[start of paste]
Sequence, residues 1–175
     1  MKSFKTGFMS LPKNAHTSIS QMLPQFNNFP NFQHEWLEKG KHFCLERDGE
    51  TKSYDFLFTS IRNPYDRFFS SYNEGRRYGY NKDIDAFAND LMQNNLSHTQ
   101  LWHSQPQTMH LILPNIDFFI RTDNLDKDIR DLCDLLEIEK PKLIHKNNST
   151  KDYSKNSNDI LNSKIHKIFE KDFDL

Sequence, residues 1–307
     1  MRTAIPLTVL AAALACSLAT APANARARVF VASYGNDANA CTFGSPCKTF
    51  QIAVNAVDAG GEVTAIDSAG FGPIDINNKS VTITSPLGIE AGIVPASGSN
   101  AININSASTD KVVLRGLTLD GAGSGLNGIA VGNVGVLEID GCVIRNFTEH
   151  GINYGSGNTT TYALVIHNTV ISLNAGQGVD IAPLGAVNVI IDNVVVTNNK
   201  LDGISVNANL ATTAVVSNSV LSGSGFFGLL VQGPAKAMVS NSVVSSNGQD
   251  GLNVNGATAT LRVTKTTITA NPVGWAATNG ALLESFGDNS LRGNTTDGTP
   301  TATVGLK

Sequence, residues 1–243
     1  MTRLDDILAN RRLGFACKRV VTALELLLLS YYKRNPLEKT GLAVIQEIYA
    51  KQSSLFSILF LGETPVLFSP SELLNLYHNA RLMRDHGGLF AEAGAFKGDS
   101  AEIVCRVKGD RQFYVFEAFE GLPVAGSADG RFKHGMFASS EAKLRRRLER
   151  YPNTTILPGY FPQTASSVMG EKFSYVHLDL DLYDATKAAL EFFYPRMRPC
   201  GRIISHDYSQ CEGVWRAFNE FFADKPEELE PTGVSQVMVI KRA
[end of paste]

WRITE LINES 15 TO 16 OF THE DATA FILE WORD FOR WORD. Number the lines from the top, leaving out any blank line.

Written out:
     1  MTRLDDILAN RRLGFACKRV VTALELLLLS YYKRNPLEKT GLAVIQEIYA
    51  KQSSLFSILF LGETPVLFSP SELLNLYHNA RLMRDHGGLF AEAGAFKGDS